Should You Still Buy Physical Media In Today’s Digitized World?

By Kristi Eckert | 4 months ago

physical media

The way we obtain and consume media nowadays looks very different even when compared to just a decade ago. Rewind to circa 2012 and when you went into a store like Target or Walmart, upon entering the media section you would be met with rows and rows of Blu-Rays, DVDs, and Video Games. Even the CD section was still a measurable portion of those areas back then. You could actually even find a generous amount of books from which to choose, too. 

However, if you enter that same section in those stores today you’ll be met with a very different picture. The aisles of physical media have been greatly reduced to an almost pitiful selection of titles. This section now exists as a shell of its former self. The culprit behind physical media’s fall from glory was the advent and widespread adoption of media in a digitized form. Today we download everything from songs to books and house them on tablets, e-readers, computers, and cloud servers. 

It’s easy to see why digital media overshadowed physical media in what amounts to the blink of an eye. Keeping digital media is convenient. You can take a whole library of songs, books, and movies with you on a single device. Gone are the days of dedicating a whole suitcase to the physical media that you want to bring along on a trip with you. Gone are the days of lugging your CD case with you on your commute to work, or even your case full of Game Boy, DS, or PSP games with you on a long car ride. Today you just grab your Switch or Smartphone full of downloaded games, movies, and music and go. In this case, convenience is king.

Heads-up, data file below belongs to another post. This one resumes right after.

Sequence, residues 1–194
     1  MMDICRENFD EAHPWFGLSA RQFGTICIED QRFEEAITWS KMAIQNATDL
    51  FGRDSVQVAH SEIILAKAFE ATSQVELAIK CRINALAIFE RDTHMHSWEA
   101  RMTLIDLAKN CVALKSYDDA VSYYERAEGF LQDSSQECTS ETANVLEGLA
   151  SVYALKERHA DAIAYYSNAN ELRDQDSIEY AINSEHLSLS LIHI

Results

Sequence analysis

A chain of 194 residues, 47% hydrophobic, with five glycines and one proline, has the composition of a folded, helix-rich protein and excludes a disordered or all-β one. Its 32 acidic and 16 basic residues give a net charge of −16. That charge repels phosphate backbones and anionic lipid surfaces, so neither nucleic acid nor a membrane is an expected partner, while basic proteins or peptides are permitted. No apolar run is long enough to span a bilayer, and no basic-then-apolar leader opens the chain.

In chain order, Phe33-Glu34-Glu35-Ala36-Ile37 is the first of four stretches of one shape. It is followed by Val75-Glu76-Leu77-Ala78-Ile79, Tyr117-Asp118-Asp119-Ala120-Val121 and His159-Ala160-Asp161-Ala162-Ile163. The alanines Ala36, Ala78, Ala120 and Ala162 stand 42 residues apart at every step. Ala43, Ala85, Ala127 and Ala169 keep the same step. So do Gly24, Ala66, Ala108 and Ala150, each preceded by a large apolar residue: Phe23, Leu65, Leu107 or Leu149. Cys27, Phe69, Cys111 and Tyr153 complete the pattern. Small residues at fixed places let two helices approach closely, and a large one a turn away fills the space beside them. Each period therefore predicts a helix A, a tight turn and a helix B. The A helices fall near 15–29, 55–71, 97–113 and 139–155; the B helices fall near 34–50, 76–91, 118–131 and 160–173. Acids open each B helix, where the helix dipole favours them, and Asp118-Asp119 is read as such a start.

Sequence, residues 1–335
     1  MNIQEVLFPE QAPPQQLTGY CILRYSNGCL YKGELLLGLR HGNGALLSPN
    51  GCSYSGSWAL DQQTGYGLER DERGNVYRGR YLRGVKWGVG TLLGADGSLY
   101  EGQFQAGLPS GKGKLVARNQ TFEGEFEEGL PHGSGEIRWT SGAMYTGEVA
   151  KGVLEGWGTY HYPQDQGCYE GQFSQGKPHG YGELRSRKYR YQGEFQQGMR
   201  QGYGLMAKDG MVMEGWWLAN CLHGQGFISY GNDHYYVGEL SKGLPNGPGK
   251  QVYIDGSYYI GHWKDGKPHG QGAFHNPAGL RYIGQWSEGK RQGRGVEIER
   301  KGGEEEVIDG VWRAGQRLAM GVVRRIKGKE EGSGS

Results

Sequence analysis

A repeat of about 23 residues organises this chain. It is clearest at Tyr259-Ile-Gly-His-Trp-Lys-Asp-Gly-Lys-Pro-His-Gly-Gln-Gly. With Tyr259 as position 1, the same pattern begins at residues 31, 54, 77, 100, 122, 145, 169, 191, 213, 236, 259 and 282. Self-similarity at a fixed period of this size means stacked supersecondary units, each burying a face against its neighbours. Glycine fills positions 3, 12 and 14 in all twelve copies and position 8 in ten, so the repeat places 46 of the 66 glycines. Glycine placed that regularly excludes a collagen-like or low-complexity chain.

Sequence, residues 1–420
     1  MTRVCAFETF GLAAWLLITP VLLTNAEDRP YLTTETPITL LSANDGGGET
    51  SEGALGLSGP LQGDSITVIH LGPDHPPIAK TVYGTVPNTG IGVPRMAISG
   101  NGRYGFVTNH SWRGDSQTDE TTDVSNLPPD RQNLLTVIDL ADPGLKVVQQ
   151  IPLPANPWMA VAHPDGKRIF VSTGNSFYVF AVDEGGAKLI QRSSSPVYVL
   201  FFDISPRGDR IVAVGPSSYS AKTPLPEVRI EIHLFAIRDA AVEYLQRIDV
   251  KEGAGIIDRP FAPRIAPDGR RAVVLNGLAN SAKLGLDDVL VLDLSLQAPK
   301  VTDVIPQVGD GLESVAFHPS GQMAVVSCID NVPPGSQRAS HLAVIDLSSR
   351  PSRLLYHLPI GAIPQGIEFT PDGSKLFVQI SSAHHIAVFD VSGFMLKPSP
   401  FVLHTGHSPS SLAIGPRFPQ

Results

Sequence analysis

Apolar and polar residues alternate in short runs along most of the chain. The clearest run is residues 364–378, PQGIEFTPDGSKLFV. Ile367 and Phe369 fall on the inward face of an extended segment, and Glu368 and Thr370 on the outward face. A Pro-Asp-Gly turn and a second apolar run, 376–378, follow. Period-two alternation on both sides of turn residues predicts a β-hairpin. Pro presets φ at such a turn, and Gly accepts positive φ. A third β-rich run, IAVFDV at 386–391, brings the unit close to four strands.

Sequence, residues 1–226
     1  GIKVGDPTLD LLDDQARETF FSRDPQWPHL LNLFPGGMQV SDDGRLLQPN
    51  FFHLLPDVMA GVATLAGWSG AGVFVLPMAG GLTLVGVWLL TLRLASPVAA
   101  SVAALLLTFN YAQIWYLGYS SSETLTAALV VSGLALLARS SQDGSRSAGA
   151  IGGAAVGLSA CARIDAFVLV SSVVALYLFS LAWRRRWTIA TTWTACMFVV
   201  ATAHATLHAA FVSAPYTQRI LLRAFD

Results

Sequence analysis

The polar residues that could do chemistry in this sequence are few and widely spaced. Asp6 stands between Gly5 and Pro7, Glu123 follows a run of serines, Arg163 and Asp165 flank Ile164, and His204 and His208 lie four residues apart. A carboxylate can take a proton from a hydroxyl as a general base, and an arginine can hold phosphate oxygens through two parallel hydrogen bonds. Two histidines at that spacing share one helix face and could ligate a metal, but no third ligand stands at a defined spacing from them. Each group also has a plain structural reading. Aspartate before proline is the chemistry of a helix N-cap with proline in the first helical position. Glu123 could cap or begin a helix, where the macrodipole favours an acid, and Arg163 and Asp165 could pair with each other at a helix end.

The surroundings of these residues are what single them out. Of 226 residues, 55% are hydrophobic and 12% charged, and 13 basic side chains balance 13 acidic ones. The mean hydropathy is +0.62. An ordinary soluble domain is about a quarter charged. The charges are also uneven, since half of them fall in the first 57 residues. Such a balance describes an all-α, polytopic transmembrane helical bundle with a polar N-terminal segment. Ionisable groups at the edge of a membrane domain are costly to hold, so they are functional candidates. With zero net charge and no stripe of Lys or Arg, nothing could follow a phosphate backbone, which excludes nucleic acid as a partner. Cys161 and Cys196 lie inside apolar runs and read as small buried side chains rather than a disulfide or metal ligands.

Additionally, in many cases, digital media is more practical than physical media mainly because it saves so much space. Instead of having bookcases and shelving full of every piece of media you own, it all exists neatly contained on a digital file on a device. Even if you should run out of space on one of your devices, there are plenty of reasonably priced cloud storage services that will be more than happy to keep your “belongings” safe and sound for you. All that being said, we think that physical media is not only still worth buying, but that it is something that you absolutely should be buying, and this is why. 


physical media

First and foremost, it’s important to understand that owning digital forms of media is a complete façade. While on the surface buying digital media looks like it works the same as walking into a store and picking up a physical copy of something, it isn’t. For example, when you buy a movie online via a service like Amazon Prime Video what you are actually paying for is a non-transferable license to watch that movie at your leisure. 

According to The Guardian, digital purchases are considered to fall under the first-sale doctrine. A first-sale doctrine is a United States copyright law that essentially says even though you purchased a certain digital file, you do not have the right to sell that file to someone else. Additionally, should you pass away you cannot transfer the rights of ownership of that file to another person. 

To complicate matters further, going back to the Amazon Prime example, when your purchase a file via a platform like Amazon prime you cannot access that file on any other platform even though you technically own it. For example, despite the fact that you purchased the file you can’t just go and download it again for free on Apple’s iTunes Store. In order to do that you would have to “purchase” it again.